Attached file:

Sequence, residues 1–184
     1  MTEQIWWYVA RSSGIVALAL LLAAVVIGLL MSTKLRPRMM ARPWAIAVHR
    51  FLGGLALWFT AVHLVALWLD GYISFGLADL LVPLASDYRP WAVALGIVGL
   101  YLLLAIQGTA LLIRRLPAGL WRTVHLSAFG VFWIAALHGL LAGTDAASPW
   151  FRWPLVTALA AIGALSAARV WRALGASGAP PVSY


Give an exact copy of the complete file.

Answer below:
Sequence, residues 1–184
     1  MTEQIWWYVA RSSGIVALAL LLAAVVIGLL MSTKLRPRMM ARPWAIAVHR
    51  FLGGLALWFT AVHLVALWLD GYISFGLADL LVPLASDYRP WAVALGIVGL
   101  YLLLAIQGTA LLIRRLPAGL WRTVHLSAFG VFWIAALHGL LAGTDAASPW
   151  FRWPLVTALA AIGALSAARV WRALGASGAP PVSY